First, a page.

Using DE-CIX as a way of then interconnecting networks not only within a building, but also between data centers, became a success story for the digital hub of Frankfurt – which has developed into one of the areas with the largest data center density anywhere in Europe.

Getting closer to the edge and increasingly interconnected

Certainly, the development of the colocation business model was not without its hiccups. With the bursting of the dotcom bubble in the early 2000s, these once flourishing colocation facilities emptied – the yawning white space in limbo as it waited for the hoped-for recovery. And bounce back it did; slowly at first, but with the emergence of the iPhone in 2007, a new form of Internet access demanded increasing infrastructure to feed a new generation of services to a willing world. Offering services for an increasingly mobile end user meant that networks needed to get closer to the user. This meant that networks needed to be connected with more data centers, and data centers needed to be connected with each other – and this needed to be done on both a global and a local scale.

The Internet was, after all, a global phenomenon. Local connectivity became the enabler for access to the world. Connecting to an Internet Exchange like DE-CIX functioned as a portal to the entire globe – it brought businesses to users, but it also brought users to these businesses.

From a refurbished office space to virtual infrastructure

From a couple of servers in a stand-alone rack, to containers for building modular data centers, through to purpose-built data centers offering managed IT services to SMEs, on to large colocation facilities with around 10,000 square meters of white space (equivalent of nearly 2 football fields filled with racks of servers); and onwards and upwards to major data center campuses and hyperscaler data centers offering upwards of a million square meters of computing space (in which, for example, the major platform providers and cloud service providers run their services). The variety of sizes, designs, and purposes that all fall under the term “data center” almost belies definition.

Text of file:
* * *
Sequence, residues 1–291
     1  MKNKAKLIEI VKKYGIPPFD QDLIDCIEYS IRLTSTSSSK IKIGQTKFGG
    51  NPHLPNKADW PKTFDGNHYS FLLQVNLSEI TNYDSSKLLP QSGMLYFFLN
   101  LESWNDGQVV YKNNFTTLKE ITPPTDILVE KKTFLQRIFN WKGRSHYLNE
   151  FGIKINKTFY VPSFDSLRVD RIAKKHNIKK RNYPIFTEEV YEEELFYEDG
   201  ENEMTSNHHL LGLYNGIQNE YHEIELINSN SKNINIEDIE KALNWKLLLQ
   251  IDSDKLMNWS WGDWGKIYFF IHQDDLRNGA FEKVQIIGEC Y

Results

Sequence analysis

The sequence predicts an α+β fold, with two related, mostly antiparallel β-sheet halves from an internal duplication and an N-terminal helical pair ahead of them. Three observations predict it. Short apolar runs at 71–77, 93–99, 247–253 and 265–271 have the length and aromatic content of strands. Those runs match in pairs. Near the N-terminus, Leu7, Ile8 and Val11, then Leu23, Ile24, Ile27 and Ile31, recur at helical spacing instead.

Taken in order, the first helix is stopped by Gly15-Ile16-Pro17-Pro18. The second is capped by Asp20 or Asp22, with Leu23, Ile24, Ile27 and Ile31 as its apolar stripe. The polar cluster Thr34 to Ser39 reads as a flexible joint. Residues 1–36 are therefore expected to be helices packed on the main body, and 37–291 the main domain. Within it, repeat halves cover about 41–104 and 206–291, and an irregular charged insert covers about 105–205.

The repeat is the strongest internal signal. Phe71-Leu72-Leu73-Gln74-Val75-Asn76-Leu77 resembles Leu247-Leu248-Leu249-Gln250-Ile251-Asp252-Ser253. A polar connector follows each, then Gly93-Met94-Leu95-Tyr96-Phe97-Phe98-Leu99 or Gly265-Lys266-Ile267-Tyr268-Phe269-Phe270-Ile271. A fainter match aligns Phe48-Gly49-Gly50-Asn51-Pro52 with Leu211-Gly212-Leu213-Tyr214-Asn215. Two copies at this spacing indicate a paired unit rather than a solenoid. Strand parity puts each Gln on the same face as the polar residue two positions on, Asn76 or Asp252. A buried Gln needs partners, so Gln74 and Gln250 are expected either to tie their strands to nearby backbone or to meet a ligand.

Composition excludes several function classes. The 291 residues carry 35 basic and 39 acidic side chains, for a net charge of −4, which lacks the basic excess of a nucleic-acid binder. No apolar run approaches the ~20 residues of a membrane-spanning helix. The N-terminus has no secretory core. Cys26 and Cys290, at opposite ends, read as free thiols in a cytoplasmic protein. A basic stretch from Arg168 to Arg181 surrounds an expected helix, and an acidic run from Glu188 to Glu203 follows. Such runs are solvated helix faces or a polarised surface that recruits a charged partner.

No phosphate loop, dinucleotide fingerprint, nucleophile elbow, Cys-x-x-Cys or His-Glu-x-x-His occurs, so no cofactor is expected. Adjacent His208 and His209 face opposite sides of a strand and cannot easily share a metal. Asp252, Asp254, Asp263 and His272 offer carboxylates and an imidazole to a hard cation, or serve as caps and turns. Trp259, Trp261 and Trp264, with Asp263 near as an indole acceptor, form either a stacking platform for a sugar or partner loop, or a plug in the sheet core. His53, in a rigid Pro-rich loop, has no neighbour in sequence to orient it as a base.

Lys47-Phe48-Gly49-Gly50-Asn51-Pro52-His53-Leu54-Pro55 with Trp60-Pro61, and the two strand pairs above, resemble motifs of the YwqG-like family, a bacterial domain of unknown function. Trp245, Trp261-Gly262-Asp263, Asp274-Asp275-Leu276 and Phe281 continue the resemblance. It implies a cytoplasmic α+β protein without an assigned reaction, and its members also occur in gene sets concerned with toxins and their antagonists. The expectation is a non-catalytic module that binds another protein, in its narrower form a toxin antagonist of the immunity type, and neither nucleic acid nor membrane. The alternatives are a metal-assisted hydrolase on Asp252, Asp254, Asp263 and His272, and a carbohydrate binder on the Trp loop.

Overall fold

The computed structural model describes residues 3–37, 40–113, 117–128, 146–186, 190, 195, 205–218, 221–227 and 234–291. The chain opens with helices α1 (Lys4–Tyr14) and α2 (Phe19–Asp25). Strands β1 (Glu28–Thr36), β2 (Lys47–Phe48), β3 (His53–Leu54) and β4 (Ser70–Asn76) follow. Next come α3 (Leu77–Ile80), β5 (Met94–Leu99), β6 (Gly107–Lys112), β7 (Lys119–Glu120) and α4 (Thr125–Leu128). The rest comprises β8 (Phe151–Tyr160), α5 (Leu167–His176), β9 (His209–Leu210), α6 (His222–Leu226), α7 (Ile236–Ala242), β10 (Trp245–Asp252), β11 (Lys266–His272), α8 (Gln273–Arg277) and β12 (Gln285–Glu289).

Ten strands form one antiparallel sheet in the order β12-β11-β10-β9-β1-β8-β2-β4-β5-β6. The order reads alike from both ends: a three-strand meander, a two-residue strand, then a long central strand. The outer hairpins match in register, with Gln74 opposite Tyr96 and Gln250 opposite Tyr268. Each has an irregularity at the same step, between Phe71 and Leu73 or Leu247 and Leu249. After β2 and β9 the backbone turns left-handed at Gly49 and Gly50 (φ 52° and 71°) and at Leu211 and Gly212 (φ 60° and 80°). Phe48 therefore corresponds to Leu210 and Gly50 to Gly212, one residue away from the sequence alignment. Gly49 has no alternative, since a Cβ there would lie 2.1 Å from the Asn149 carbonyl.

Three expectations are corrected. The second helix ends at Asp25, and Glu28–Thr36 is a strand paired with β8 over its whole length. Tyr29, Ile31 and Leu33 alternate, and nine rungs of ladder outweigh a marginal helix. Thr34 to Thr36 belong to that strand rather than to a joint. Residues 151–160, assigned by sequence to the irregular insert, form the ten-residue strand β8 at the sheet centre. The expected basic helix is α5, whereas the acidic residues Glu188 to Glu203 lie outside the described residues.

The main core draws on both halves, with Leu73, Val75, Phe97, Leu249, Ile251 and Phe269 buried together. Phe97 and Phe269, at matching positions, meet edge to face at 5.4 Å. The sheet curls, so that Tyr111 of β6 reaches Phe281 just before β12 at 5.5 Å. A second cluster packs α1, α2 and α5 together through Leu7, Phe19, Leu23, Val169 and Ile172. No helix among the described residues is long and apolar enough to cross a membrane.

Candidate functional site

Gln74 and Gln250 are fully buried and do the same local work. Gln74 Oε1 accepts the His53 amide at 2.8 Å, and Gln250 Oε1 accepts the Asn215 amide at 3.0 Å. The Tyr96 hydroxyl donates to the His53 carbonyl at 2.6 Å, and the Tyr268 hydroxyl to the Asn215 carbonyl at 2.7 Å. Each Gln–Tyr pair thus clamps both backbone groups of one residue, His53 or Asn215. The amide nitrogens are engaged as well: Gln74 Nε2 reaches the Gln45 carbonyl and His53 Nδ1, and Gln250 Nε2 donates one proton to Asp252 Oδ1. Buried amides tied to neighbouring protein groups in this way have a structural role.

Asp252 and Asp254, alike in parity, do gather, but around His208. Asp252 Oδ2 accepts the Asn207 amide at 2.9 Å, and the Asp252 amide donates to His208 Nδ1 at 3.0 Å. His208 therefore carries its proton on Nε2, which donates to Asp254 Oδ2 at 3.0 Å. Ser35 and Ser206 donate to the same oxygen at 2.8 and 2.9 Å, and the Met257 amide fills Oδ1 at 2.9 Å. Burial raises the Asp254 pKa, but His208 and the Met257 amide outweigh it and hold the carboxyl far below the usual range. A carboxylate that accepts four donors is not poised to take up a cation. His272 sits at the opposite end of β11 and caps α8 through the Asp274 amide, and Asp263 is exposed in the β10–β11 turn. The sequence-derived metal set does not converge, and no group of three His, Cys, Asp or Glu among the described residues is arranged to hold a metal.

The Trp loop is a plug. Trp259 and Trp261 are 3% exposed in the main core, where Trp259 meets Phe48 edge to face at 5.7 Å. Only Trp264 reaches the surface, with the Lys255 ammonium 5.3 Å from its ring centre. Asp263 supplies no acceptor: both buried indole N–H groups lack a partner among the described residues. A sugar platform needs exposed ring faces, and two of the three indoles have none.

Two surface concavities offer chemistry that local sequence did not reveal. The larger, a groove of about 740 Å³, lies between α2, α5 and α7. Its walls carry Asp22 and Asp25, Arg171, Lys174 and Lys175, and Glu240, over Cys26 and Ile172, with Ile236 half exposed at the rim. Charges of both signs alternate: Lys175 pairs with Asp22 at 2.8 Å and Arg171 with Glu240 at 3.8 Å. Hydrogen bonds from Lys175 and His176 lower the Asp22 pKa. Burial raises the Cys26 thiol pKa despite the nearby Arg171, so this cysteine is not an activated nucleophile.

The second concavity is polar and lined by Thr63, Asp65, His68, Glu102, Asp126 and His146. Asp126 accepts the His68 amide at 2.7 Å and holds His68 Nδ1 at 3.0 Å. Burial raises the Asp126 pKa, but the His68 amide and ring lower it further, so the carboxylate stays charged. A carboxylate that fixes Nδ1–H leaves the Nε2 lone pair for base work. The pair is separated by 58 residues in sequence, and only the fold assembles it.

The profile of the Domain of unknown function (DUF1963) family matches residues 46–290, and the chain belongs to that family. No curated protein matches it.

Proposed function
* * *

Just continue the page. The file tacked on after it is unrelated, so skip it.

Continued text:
And going beyond these, data centers are taking on new conceptual forms. On the one hand, there are several initiatives seeking to federate a wide variety of data centers and services to create a virtual, open, neutral, and distributed cross-border infrastructure. In so doing, quality assurance and compliance requirements are being addressed, to enable customers simplified and secure control over their processes and their own data in the cloud, as well as data governance and interoperability, to gain the necessary flexibility for emerging digital services like AI. One example of such an initiative is the European project GAIA-X.

On the other hand, we see the emergence of edge data centers – highly localized, miniaturized processing capabilities to provide almost real-time responses and so enabling scenarios like autonomous transportation. Thus, the concept of the data center has always evolved alongside its potential to be used for the coming generations of digital services and digital business.

In the evolution of the data center as a building – from an office space in the early days, to refurbished commercial space, to purpose-built buildings, to modular containers on the one hand and hyperscalers on the other, and through to the minimalistic concepts now evolving in the edge data center space – land has also played a key role. Property owners and developers even in the late 1990s began to realize that a building with connectivity was more valuable for companies wanting to get online. Connectivity started to become a defining element of commercial property, and with this, digital had begun to have a real and lasting impact on the analog world.

The data center as mission-critical for companies, the cloud, and the Internet